After his December 2003 arrest, registered nurse Charlie Cullen was quickly dubbed "The Angel of Death" by the media. But Cullen was no mercy killer, nor was he a simple monster. He was a favorite son, husband, beloved father, best friend, and celebrated caregiver. Implicated in the deaths of as many as 300 patients, he was also perhaps the most prolific serial killer in American history.
Cullen's murderous career in the world's most trusted profession spanned sixteen years and nine hospitals across New Jersey and Pennsylvania. When, in March of 2006, Charles Cullen was marched from his final sentencing in an Allentown, Pennsylvania, courthouse into a waiting police van, it seemed certain that the chilling secrets of his life, career, and capture would disappear with him. Now, in a riveting piece of investigative journalism nearly ten years in the making, journalist Charles Graeber presents the whole story for the first time. Based on hundreds of pages of previously unseen police records, interviews, wire-tap recordings and videotapes, as well as exclusive jailhouse conversations with Cullen himself and the confidential informant who helped bring him down, THE GOOD NURSE weaves an urgent, terrifying tale of murder, friendship, and betrayal.
Graeber's portrait of Cullen depicts a surprisingly intelligent and complicated young man whose promising career was overwhelmed by his compulsion to kill, and whose shy demeanor masked a twisted interior life hidden even to his family and friends. Were it not for the hardboiled, unrelenting work of two former Newark homicide detectives racing to put together the pieces of Cullen's professional past, and a fellow nurse willing to put everything at risk, including her job and the safety of her children, there's no telling how many more lives could have been lost.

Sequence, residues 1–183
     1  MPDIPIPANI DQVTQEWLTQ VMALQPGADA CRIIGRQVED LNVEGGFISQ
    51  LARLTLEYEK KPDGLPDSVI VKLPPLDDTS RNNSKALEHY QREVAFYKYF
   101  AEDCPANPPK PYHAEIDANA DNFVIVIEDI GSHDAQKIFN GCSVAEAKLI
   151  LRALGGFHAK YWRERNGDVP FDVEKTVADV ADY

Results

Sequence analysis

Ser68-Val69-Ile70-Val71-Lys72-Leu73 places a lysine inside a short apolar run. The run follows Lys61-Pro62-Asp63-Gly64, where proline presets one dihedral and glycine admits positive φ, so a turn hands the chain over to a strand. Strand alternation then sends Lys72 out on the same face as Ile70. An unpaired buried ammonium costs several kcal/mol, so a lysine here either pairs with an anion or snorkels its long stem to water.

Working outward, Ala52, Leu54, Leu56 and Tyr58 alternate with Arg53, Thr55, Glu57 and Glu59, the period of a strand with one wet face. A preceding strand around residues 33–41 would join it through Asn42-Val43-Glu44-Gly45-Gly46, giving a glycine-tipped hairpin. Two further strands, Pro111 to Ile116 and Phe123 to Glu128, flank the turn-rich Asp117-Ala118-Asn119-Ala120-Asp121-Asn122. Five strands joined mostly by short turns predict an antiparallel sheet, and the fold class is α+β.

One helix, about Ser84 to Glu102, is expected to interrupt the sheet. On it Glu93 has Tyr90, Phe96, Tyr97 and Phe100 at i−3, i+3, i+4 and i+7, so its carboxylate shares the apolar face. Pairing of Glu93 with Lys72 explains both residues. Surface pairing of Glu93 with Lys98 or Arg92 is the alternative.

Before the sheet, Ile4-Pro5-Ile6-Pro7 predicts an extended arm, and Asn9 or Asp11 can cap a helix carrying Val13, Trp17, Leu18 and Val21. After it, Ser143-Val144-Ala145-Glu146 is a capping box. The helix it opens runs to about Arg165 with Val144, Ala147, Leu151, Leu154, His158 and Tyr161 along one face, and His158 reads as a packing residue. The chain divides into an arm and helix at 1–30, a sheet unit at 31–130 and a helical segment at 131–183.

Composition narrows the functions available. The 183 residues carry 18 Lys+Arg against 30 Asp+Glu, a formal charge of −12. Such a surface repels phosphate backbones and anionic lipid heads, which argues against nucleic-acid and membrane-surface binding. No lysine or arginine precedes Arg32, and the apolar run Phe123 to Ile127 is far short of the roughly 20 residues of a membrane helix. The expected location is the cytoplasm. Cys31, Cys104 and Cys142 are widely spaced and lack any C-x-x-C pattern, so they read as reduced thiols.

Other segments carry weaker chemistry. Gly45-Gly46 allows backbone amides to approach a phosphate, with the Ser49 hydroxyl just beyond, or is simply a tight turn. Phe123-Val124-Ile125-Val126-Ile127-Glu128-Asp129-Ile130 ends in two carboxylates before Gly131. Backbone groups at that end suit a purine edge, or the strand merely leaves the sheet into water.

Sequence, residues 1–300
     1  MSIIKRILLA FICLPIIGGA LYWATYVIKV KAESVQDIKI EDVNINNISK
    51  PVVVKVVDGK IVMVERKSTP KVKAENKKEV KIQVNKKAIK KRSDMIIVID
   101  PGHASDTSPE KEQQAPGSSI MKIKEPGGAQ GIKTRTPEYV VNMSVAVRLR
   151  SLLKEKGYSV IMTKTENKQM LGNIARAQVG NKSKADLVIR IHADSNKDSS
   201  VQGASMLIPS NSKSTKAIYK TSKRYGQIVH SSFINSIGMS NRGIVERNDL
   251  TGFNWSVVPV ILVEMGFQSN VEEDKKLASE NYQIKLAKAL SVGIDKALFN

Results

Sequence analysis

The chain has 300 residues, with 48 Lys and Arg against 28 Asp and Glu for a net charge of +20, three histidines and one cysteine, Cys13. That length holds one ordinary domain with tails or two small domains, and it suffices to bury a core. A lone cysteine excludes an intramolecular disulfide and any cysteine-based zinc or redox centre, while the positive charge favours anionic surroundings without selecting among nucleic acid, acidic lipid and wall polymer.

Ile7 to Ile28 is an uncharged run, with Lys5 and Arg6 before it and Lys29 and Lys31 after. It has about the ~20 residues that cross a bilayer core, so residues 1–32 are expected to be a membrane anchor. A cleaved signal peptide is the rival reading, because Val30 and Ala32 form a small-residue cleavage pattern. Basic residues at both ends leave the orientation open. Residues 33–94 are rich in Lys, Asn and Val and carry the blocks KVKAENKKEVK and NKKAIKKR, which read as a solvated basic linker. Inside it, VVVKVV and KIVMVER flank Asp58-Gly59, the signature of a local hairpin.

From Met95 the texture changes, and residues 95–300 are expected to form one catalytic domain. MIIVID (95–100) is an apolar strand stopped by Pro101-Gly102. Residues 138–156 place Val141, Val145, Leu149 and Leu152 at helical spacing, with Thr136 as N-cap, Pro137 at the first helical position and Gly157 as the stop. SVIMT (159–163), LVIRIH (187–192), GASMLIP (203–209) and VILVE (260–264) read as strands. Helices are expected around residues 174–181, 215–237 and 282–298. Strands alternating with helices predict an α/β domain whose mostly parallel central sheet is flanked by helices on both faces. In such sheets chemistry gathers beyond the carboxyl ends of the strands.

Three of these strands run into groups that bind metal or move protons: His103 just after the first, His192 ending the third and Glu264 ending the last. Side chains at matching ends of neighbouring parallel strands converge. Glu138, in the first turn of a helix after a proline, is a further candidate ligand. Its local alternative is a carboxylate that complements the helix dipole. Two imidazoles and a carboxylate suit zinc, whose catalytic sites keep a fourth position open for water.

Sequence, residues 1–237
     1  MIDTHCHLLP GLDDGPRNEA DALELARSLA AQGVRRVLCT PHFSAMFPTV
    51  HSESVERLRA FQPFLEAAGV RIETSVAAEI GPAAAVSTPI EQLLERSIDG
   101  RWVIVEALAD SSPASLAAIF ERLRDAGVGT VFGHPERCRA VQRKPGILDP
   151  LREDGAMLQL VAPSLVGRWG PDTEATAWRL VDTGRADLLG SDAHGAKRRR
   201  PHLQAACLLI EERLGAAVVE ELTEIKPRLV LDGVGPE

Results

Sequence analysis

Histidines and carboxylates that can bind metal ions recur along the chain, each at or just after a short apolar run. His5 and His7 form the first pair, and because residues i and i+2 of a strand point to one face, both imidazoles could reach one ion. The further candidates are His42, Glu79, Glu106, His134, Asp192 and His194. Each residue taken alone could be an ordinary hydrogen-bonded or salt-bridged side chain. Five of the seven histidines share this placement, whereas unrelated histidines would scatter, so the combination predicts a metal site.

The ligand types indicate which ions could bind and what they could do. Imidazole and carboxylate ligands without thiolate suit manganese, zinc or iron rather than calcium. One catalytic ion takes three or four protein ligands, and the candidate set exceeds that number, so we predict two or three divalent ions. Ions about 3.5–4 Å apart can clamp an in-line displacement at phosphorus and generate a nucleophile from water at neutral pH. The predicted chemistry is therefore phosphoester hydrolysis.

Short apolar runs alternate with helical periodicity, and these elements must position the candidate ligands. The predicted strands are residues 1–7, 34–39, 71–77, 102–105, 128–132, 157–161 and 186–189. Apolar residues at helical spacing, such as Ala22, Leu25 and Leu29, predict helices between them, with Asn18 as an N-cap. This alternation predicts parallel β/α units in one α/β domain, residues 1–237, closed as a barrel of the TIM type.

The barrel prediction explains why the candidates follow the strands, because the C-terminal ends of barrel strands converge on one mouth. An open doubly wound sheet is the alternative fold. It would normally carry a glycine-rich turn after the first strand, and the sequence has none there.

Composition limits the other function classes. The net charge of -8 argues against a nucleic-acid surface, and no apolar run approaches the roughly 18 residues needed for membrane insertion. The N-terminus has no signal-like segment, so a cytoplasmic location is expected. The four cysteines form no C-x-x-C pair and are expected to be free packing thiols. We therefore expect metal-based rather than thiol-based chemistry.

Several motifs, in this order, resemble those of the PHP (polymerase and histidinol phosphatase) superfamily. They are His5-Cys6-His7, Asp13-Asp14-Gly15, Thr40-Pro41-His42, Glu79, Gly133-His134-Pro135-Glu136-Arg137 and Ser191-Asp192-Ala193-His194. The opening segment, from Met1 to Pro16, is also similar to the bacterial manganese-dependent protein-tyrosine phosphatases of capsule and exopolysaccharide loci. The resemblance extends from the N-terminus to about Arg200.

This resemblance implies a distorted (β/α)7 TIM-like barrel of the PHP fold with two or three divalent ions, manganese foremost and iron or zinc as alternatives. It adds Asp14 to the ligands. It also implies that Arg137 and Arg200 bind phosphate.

In the tradition of In Cold Blood, THE GOOD NURSE does more than chronicle Cullen's deadly career and the breathless efforts to stop him; it paints an incredibly vivid portrait of madness and offers a penetrating look inside America's medical system. Harrowing and irresistibly paced, this book will make you look at medicine, hospitals, and the people who work in them, in an entirely different way.
Taking advantage of his exclusive access to serial killer Charles Cullen, journalist Graeber makes the most of the dramatic story of a nurse who began killing patients in 1991, and who eluded prosecution for over a decade. Experts estimate that he may have murdered up to 300 people before his arrest in 2003. Without excusing or condoning Cullen s crimes, the author presents a picture of the killer s horrific childhood, which may provide an explanation for his descent into violence a journey that began with animal cruelty and emotional withdrawal from his increasingly frightened wife. Cullen began tampering with IV bags at St. Barnabas Hospital in New Jersey, and patients on the road to recovery, or who were at least stable, started dropping like flies. Incredibly, Cullen was able to move from one nursing job to another even after being forced out of employment because of suspicions that he was responsible for the deaths. Graeber doesn t pull punches his description of the effects of insulin poisoning are chilling, and he needn t resort to hyperbole to damn the hospital administrators who failed to take it upon themselves to stop Cullen from claiming more lives. A deeply unsettling addition to the true crime genre.